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Scottish Entails
From Tait's Edinburgh Magazine


An upholsterer gets an order to fit up in a first-rate style, the mansion-house of a young gentleman who has just succeeded to his paternal estate. The order is large; but that is a commendable quality, for the estate is large, too,— and, contemplating its broad woodlands and fruitful meadows the mahogany heart of the upholsterer grows glad within him, and he says of his long bill, “It is as good as the bank.” He awards it, in his secret thoughts that compliment which the Americans consider the greatest of all and which they expies by mying of any thing, that “It is actually equal to cash. Alas unthinking upholsterer! year after year passes by, and the bill is unpaid. Every twelvemonth it is becoming nominally more valuable, but in its real nature more precarious and questionable. Its owner hears some incomprehensible statement that the dashing young laird is no more owner of his fine estate, than the captain is owner of the man-of-war he commands. He is informed that some one, who was real owner of that estate a hundred and fifty yean ago, being armed with that despotism which the legislature cannot of itself use, but which it can bestow on individuals had fixed that, thereafter to all eternity no one should be owner of that land; that it should be excluded from commerce and from human control; and that a certain series of persons genealogically expected to come into existence, should successively have the privilege of enjoying its fruits so long as they lived. The upholsterer is told that if he had made himself acquainted with the practice of the feudal law, and had devoted himself to the study of a certain record preserved in Edinburgh, called the Register of Tailsies he would have found out how the matter lay; and that, not having adopted these very obvious precautions he must take the consequences and content himself with such a percentage on his debt as the numbers of his fellow-suflferers may limit his proportion of the accessible funds.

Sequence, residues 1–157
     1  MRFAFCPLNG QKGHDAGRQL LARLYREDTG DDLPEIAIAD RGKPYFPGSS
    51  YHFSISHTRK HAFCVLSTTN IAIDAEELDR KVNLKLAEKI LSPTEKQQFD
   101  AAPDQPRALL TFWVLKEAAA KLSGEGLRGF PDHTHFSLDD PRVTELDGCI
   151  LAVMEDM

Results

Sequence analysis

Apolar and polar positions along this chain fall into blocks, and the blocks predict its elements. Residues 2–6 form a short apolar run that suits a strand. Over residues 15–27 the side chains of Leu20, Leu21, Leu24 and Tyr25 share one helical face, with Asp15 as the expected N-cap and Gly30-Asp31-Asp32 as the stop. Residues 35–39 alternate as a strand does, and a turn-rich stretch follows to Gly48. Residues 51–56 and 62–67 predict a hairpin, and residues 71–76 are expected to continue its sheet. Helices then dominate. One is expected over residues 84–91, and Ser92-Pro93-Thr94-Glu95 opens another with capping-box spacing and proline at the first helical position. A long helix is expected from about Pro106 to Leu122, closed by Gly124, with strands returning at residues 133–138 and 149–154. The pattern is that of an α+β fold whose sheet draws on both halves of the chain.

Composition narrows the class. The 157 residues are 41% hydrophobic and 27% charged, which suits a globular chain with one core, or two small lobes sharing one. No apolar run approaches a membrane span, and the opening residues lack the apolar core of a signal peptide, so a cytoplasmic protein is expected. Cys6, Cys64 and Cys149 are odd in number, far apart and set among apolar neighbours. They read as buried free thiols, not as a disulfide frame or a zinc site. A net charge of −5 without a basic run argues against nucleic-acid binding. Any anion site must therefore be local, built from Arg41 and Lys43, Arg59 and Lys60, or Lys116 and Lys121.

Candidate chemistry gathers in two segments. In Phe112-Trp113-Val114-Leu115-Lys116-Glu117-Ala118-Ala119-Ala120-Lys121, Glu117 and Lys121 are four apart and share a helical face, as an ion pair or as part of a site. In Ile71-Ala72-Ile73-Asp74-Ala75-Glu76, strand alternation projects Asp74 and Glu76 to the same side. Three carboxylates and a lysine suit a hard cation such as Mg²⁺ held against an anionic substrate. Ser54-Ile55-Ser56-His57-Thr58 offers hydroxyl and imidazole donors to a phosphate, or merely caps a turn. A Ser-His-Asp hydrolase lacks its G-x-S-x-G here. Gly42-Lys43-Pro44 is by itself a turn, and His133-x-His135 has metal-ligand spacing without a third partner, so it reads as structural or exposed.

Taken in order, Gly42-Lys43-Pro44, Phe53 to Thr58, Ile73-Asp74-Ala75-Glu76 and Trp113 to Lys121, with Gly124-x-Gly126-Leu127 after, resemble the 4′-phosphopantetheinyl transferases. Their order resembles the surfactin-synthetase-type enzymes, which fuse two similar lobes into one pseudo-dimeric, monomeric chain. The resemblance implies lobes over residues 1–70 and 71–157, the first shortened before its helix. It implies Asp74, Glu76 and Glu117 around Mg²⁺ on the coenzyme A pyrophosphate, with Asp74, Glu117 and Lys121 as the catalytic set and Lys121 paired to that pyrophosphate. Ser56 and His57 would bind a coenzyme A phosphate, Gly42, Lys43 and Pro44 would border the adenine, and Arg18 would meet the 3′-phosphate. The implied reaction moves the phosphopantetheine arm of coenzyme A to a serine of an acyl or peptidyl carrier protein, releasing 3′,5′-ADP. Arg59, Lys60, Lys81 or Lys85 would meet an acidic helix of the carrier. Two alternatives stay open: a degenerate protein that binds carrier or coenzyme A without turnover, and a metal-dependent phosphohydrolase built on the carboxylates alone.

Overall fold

Such is the working of the law of Entail; yet this is not the only type of its pernicious influence. There is a troop of younger sons. Their father is a large landed proprietor; but the estate is tied up and he cannot apportion it among them. The eldest must draw the whole annual income; and the greatness of the estate he enjoys renders it all the more necessary that his younger brothers should be suitably provided for as gentlemen. To bring up the cadets to some secondary drudging profession, when the eldest is so splendidly provided for would be a scandalous instance of inequality and partiality. What then, can be done with them, but give them some means of pillaging the country? The offices they are to receive must be so much the more gentlemanly, because their brother has so fine an estate.